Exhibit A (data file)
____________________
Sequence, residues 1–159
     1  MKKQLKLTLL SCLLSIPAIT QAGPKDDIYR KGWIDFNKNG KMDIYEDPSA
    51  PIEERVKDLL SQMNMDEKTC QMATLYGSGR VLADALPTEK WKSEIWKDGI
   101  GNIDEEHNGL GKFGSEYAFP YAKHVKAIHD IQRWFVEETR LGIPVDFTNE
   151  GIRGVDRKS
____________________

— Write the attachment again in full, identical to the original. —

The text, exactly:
Sequence, residues 1–159
     1  MKKQLKLTLL SCLLSIPAIT QAGPKDDIYR KGWIDFNKNG KMDIYEDPSA
    51  PIEERVKDLL SQMNMDEKTC QMATLYGSGR VLADALPTEK WKSEIWKDGI
   101  GNIDEEHNGL GKFGSEYAFP YAKHVKAIHD IQRWFVEETR LGIPVDFTNE
   151  GIRGVDRKS